Rabu, 13 Mei 2009


Ju-On History

The title of the films translates roughly to The Curse or The Grudge. The first two films in the series were so-called V-Cinema, or direct-to-video releases, but became surprise hits as the result of favorable word of mouth. The story is a variation on the classic haunted house theme, as well as a popular Japanese horror trope, the "vengeful ghost" (onryou). The curse of the title, ju-on, is one which takes on a life of its own and seeks new victims. Anyone who encounters a ghost killed by the curse is killed themselves and the curse is able to be spread to other areas.

Under very tight budgetary constraints, Shimizu's films garnered much acclaim from both critics and genre fans for their effective use of limited locations and eerie atmosphere to generate chills. Shimizu was at the same time perfectly willing to show his ghosts onscreen, in contrast to some directors who might choose only to hint at their appearance. But critics noted that Shimizu's minimalist approach to directing and storytelling — a necessary by-product of the production's limited overall resources — allows the films to retain their ability to unnerve viewers. Very few scenes in the movies are graphically bloody, making such scenes more disturbing when they occur.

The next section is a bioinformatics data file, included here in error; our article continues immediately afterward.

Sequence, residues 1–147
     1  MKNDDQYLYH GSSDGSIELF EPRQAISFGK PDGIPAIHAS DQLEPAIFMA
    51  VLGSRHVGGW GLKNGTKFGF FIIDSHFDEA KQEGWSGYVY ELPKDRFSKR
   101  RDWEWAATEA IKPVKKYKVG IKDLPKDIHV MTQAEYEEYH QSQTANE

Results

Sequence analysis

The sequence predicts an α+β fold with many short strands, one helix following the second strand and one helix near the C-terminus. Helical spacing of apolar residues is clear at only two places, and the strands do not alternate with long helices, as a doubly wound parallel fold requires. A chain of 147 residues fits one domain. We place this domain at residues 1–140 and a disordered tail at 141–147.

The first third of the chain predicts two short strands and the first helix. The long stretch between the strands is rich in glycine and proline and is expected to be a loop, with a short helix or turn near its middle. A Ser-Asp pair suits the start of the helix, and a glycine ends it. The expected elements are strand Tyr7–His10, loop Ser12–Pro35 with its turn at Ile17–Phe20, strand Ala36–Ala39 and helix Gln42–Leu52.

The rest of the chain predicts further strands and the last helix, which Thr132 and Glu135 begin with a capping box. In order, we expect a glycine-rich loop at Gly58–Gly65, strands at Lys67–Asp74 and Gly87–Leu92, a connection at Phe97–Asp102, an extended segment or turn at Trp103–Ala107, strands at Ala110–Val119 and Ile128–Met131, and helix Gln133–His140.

Following the success of the two direct-to-video films, and the international success of Hideo Nakata's Ring (1998), Kurosawa and Ring screenwriter Hiroshi Takahashi helped Shimizu develop Ju-on as a theatrical feature starring Megumi Okina and Takako Fuji. Titled Ju-on: The Grudge, this was released in 2003 to critical acclaim, and the US remake rights were purchased, with Shimizu himself attached to direct and Sarah Michelle Gellar starring. Later that year, a theatrical sequel, Ju-on: The Grudge 2, was released. In 2004, the US remake, The Grudge, was released.
dari wikipedia

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